The Editors

SEAN MOREY SMITH received his PhD from Rice University and is currently a long-term fellow in the Lapidus Center for the Historical Analysis of Transatlantic Slavery at the Schomburg Center for Research in Black Culture. His research has appeared in Slavery & Abolition and in an edited volume, Atlantic Environments and the American South (2020). He is currently revising a manuscript examining how medical theories shaped the politics, rhetoric, and policy recommendations of abolitionists in the eighteenth- and nineteenth-century Anglophone Atlantic World.

CHRISTOPHER D. E. WILLOUGHBY is the Molina Fellow in the History of Medicine  & Allied Sciences at the Huntington Library and a Visiting Scholar in the Charles Warren Center for Studies in American History at Harvard University. His research has been published in The Journal of Southern History, The New West Indian Guide, The Journal of the History Medicine and Allied Sciences, and the edited volume Charting the Plantation Landscape from Natchez to New Orleans (2021). He is also the author of Masters of Health: Racial Science and Slavery in American Medical Schools, which is forthcoming in Fall 2022 with the University of North Carolina Press.

The Authors

CHELSEA BERRY is assistant professor of history at Randolph College. She received her PhD from Georgetown University and was both a Richard S. Dunn Dissertation Fellow at the McNeil Center for Early American Studies and a Mellon Dissertation Research Fellow with the Council on Library and Information Services. Her current book project examines the relationships between poison, medicine, and sorcery in the Atlantic World.

DEIRDRE COOPER OWENS is a historian of medicine and slavery at the University of Nebraska–Lincoln. She is the Charles & Linda Wilson Professor in the History of Medicine and director of the Humanities in Medicine program. She is the author of Medical Bondage: Race, Gender, and the Origins of American Gynecology.

LAUREN DERBY is professor of Latin American history at UCLA and the author of The Dictator’s Seduction: Politics and the Popular Imagination in the Era of Trujillo, which won the Bolton-Johnson Prize from the Council on Latin American History, American Historical Association; was co-winner of the Gordon K. and Sybil Lewis Award from the Caribbean Studies Association; and received honorable mention for the Bryce Wood Book Award from the Latin American Studies Association.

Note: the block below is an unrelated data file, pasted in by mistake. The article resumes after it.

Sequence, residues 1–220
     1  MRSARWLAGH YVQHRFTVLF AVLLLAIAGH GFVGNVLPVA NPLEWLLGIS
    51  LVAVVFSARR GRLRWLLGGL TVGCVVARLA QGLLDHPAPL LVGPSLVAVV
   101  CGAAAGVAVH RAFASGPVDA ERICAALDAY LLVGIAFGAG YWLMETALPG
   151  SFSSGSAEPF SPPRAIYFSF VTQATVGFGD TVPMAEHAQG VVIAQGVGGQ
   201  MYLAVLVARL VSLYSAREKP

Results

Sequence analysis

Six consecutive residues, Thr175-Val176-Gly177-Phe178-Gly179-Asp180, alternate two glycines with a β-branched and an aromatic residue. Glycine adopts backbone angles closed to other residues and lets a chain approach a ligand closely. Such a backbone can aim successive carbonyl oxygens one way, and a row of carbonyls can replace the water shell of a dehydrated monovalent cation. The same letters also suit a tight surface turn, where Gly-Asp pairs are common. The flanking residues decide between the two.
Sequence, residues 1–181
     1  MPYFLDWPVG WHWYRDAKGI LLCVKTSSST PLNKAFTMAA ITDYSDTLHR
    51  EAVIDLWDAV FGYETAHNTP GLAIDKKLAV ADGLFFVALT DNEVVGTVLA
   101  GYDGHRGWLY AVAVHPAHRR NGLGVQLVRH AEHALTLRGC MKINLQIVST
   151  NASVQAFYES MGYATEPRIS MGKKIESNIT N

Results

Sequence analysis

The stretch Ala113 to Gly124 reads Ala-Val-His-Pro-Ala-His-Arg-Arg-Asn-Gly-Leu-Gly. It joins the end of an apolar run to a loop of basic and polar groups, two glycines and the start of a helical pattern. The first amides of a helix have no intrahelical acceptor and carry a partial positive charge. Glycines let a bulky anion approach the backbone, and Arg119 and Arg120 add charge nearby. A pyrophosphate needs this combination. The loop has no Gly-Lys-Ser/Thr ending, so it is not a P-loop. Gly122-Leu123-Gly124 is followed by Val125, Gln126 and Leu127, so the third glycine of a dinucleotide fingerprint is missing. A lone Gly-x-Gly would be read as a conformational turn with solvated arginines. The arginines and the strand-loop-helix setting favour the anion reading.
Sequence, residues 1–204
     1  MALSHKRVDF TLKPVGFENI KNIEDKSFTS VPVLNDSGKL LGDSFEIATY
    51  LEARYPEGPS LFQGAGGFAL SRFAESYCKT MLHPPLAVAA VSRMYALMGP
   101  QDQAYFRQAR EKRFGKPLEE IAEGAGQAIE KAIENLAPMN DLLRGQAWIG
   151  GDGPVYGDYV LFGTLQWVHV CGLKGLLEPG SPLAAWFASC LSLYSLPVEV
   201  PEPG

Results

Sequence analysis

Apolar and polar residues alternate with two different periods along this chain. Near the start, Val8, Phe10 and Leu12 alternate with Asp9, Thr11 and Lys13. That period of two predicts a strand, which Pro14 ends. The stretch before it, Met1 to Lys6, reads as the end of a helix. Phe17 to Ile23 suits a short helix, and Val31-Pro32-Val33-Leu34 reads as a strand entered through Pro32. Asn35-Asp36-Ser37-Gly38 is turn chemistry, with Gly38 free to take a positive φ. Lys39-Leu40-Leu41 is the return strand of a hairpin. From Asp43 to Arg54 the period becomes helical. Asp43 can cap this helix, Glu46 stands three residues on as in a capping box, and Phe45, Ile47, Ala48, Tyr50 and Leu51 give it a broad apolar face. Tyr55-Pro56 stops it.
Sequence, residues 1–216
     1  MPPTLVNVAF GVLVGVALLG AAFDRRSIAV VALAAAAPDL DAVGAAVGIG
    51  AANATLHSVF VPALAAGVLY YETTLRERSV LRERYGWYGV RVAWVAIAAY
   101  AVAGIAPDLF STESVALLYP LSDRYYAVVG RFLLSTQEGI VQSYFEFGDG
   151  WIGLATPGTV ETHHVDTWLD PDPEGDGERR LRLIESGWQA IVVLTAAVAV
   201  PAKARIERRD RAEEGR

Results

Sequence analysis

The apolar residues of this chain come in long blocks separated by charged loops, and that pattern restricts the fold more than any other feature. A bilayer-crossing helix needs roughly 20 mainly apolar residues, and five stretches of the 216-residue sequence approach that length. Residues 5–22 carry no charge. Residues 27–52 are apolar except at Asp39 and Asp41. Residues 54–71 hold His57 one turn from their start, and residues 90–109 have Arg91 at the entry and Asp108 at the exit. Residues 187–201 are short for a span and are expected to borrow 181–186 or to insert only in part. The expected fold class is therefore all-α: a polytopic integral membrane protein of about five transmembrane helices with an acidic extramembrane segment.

SHARLA M. FETT is professor of history at Occidental College in Los Angeles. She is the author of Working Cures: Healing, Health, and Power on Southern Slave Plantations and Recaptured Africans: Surviving Slave Ships, Detention, and Dislocation in the Final Years of the Slave Trade, the latter of which was a Frederick Douglass Book Prize finalist.

VANESSA NORTHINGTON GAMBLE is University Professor of Medical Humanities at The George Washington University. Throughout her career she has worked to promote equity and justice in medicine and public health. A physician, scholar, and activist, Dr. Gamble is an internationally recognized expert on the history of American medicine, racial and ethnic disparities in health and health care, public health ethics, and bioethics. She is the author of several widely acclaimed publications on the history of race and racism in American medicine and bioethics.

MARY E. HICKS is assistant professor of history at the University of Chicago. She has published articles in the Journal of Global Slavery and in Slavery & Abolition. Her forthcoming book is titled Captive Cosmopolitans: Black Mariners and the World of South Atlantic Slavery, 1721–1835.

RANA A. HOGARTH is associate professor of history at the University of Illinois at Urbana-Champaign. She is the author of Medicalizing Blackness: Making Racial Difference in the Atlantic World, 1780–1840.

TIMOTHY JAMES LOCKLEY is professor of North American history at the University of Warwick, United Kingdom. He is the author of several books on class, race, and slavery in the American South. His most recent book is Military Medicine and the Making of Race: Life and Death in the West India Regiments, 1795–1874.

ELISE A. MITCHELL is the Presidential Postdoctoral Research Fellow at Princeton University. She recently completed her PhD in history at New York University. Her dissertation is entitled “Smallpox and Slavery: Morbidity, Medical Intervention, and Enslaved People’s Lives in the Greater Caribbean.”

LESLIE A. SCHWALM is professor of history and gender, women’s, and sexuality studies at the University of Iowa. She is the author of A Hard Fight for We: Women’s Transition from Slavery to Freedom in South Carolina; Emancipation’s Diaspora: Race and Reconstruction in the Upper Midwest; and a forthcoming book on race, medicine, and the US Civil War.

BRANDI M. WATERS received her PhD from Yale University in the Departments of History and African American Studies. She is the Director of AP African American Studies at the College Board. Her research examines the intersections of slavery and legal medicine in Latin America with a focus on Colombia. Her work has been supported by the Social Science Research Council, the Tinker Foundation, and the Library Company of Philadelphia.